Scarcity of semiconductors expected

16 March 2011

16 March 2011 | Angeline Albert

Japan’s earthquake and tsunami could result in significant shortages of electronic components and prompt prices to dramatically rise, market research analyst iSuppli has warned. 

The disaster’s impact on the country’s transport and power infrastructure could result in supply disruptions and higher prices for components including flash memory chips which are used in USB drives and MP3 players, dynamic random-access memory or DRAM, small computers called microcontrollers, and liquid-crystal display (LCD) parts and materials including panels used for TVs and computer screens.

Japan is the world’s largest supplier of silicon used to make semiconductor chips - 60 per cent of the global total. A spokesman for iSuppli said: “If supply is disrupted due to the logistical and infrastructure challenges Japan is facing it will have an impact not only on NAND flash memory, DRAM, microcontrollers, standard logic, LCD panels and LCD parts, it will also affect other families of products such as small signal transistors.” 

iSuppli said infrastructure challenges may result in suspended shipments from the country over the next two weeks. However, the firm said the global supply chain has a fortnight of excess component inventory for semiconductor parts. As a result, iSuppli said the shortages would not appear until the start of April but any scarcity and their price impact would linger until the third quarter of the year.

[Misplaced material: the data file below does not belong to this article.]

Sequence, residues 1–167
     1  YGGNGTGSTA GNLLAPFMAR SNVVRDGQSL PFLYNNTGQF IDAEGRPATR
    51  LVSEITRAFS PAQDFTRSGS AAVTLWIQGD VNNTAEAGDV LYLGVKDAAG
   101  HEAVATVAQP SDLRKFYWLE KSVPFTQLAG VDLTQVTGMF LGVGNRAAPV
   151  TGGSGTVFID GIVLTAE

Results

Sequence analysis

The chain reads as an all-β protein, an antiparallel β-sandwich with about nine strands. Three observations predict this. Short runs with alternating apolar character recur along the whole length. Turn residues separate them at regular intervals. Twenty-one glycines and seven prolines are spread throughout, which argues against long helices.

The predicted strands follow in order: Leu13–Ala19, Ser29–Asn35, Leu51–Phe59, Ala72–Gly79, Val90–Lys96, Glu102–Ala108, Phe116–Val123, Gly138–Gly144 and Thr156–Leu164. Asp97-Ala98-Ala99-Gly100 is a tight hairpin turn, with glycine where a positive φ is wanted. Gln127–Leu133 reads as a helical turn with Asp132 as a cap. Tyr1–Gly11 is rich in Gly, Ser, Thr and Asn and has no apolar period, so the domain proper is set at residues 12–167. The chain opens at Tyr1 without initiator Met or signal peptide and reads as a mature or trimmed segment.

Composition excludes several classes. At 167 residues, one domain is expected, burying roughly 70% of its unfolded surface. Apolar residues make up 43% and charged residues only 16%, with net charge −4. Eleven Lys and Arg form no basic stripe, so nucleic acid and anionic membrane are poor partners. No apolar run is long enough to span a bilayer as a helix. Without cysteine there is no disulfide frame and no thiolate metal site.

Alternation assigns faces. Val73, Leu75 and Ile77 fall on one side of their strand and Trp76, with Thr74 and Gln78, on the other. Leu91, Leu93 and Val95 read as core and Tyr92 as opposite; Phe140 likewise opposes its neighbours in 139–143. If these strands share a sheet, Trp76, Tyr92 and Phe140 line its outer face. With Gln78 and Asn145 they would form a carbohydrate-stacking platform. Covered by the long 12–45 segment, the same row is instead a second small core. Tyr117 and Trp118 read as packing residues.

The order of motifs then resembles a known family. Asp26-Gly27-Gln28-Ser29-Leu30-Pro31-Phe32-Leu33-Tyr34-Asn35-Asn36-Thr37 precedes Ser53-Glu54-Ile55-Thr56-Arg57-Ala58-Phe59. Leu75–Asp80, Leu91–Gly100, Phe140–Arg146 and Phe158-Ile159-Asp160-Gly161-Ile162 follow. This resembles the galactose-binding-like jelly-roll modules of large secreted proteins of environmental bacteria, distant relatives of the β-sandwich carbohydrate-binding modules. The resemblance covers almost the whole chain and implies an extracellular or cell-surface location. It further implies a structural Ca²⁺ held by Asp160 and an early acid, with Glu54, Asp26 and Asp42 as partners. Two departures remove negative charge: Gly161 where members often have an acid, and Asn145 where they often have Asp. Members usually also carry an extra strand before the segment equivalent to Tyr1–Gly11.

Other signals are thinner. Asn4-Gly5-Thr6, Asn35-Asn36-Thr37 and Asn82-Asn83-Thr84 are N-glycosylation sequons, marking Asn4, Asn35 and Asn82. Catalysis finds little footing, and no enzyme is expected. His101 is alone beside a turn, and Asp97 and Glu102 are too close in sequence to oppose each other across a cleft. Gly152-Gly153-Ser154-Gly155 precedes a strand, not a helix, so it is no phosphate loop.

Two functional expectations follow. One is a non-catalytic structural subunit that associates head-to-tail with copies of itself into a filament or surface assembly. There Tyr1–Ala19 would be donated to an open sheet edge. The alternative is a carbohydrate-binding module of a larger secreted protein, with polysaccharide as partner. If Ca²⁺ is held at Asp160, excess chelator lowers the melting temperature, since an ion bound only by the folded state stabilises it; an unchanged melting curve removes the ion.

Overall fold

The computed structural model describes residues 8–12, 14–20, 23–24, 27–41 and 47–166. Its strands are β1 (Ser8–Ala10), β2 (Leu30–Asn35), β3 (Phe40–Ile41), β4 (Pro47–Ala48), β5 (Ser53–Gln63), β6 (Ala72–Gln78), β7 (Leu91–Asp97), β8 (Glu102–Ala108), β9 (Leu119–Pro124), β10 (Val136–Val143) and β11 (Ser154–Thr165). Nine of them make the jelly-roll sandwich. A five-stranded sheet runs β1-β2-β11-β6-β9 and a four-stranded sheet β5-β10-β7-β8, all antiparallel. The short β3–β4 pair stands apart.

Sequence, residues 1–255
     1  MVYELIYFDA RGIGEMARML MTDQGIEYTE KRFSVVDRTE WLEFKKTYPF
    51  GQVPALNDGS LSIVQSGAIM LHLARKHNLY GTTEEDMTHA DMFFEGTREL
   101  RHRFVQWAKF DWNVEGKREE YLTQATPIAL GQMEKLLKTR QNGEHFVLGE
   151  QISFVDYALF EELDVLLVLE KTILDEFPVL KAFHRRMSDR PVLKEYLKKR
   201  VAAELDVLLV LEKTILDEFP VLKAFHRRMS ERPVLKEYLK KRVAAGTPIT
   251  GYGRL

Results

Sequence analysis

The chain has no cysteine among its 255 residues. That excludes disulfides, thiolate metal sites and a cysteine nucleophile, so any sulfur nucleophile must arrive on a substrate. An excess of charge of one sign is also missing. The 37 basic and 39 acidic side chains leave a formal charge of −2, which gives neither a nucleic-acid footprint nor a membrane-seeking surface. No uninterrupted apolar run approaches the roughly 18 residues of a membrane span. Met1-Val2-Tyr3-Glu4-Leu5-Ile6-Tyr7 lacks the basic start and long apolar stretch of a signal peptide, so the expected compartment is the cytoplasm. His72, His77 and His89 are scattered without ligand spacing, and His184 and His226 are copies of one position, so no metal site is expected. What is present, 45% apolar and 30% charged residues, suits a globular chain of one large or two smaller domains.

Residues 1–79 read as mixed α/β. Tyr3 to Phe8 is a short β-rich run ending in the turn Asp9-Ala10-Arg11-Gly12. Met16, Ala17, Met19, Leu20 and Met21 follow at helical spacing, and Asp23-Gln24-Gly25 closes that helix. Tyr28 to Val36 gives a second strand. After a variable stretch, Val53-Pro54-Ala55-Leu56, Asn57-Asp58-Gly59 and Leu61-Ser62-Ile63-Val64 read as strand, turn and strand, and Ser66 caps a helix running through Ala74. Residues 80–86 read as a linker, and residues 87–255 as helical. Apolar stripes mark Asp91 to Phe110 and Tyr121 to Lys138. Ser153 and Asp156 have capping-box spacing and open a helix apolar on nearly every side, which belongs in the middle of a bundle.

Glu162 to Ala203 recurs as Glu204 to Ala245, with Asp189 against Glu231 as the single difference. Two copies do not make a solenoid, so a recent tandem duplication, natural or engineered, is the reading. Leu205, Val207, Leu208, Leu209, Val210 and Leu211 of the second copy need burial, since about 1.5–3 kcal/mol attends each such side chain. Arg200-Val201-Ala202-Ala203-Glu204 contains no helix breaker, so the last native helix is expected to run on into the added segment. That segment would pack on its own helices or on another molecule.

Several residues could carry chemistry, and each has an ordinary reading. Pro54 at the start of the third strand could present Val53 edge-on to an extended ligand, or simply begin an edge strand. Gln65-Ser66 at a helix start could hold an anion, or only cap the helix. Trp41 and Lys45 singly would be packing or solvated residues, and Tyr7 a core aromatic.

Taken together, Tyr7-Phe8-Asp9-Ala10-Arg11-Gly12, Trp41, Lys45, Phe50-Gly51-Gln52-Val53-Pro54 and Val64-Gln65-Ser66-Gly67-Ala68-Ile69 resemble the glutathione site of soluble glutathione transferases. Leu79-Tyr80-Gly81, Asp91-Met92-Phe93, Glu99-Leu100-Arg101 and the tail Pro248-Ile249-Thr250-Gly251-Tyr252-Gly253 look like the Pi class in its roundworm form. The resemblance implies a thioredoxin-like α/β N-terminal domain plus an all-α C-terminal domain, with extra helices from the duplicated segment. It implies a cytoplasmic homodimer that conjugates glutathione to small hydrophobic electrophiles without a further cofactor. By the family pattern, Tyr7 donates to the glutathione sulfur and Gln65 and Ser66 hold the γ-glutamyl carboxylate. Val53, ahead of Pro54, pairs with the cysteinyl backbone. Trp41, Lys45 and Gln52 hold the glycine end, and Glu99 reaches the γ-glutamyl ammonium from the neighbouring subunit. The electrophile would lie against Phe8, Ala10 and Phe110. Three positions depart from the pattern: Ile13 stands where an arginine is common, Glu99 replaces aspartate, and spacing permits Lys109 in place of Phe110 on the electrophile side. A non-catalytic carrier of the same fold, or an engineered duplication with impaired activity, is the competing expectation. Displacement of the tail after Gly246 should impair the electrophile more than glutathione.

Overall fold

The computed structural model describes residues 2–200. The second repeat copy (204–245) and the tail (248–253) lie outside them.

The research firm said while shortages are yet to occur “the disaster is already affecting component pricing, due to the psychological impact”.

Pricing for higher-density NAND flash has already climbed by as much as 10 per cent on the spot market, which buyers use to purchase relatively small quantities of parts. Spot market DRAM pricing has also risen by 7 per cent since 11 March.

Most of country’s largest electronic component producers operate factories far south of the quake’s epicentre. However iSuppli said component manufacturers are experiencing problems shipping parts, receiving raw materials and getting workers to their facilities.

Toshiba,the world’s second-largest producer of NAND flash, said shipments of NAND from its central Japan plant could drop by as much as 20 per cent. On 14 March, Toshiba said it would “cooperate with Tokyo Electric Power Company’s request to cut electricity consumption by operating only those of its businesses related to provision of essential services”.

Hitachi has a plant close to the earthquake’s epicentre and production at its site was halted on 14 March. The company supplies displays for the Nintendo DS handheld video game system and for LG mobile phones. The company said in a statement: “Hitachi’s buildings and production facilities have suffered damages, mainly at production bases in Ibaraki prefecture.”

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